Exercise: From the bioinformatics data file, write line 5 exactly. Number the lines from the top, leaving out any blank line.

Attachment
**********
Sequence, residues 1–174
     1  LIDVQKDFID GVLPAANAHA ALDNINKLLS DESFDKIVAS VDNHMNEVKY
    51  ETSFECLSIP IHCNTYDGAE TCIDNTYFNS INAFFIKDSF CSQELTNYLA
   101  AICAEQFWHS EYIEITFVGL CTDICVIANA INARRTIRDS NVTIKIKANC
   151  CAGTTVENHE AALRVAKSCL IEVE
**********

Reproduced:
   151  CAGTTVENHE AALRVAKSCL IEVE